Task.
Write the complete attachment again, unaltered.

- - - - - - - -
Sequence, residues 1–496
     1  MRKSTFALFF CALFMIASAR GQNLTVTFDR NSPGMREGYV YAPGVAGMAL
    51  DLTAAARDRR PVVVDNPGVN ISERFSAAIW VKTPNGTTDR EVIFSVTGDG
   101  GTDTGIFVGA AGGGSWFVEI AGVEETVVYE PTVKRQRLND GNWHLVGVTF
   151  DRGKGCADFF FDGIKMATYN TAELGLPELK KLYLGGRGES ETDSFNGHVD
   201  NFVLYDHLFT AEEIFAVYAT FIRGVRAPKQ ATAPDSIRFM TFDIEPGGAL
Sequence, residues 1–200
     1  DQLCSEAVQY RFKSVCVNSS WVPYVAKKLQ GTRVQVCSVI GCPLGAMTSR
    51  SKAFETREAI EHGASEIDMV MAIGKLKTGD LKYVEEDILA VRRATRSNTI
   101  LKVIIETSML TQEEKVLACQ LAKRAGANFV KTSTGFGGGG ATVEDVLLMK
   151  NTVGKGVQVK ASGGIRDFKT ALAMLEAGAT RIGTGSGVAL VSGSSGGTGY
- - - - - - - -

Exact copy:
Sequence, residues 1–496
     1  MRKSTFALFF CALFMIASAR GQNLTVTFDR NSPGMREGYV YAPGVAGMAL
    51  DLTAAARDRR PVVVDNPGVN ISERFSAAIW VKTPNGTTDR EVIFSVTGDG
   101  GTDTGIFVGA AGGGSWFVEI AGVEETVVYE PTVKRQRLND GNWHLVGVTF
   151  DRGKGCADFF FDGIKMATYN TAELGLPELK KLYLGGRGES ETDSFNGHVD
   201  NFVLYDHLFT AEEIFAVYAT FIRGVRAPKQ ATAPDSIRFM TFDIEPGGAL
Sequence, residues 1–200
     1  DQLCSEAVQY RFKSVCVNSS WVPYVAKKLQ GTRVQVCSVI GCPLGAMTSR
    51  SKAFETREAI EHGASEIDMV MAIGKLKTGD LKYVEEDILA VRRATRSNTI
   101  LKVIIETSML TQEEKVLACQ LAKRAGANFV KTSTGFGGGG ATVEDVLLMK
   151  NTVGKGVQVK ASGGIRDFKT ALAMLEAGAT RIGTGSGVAL VSGSSGGTGY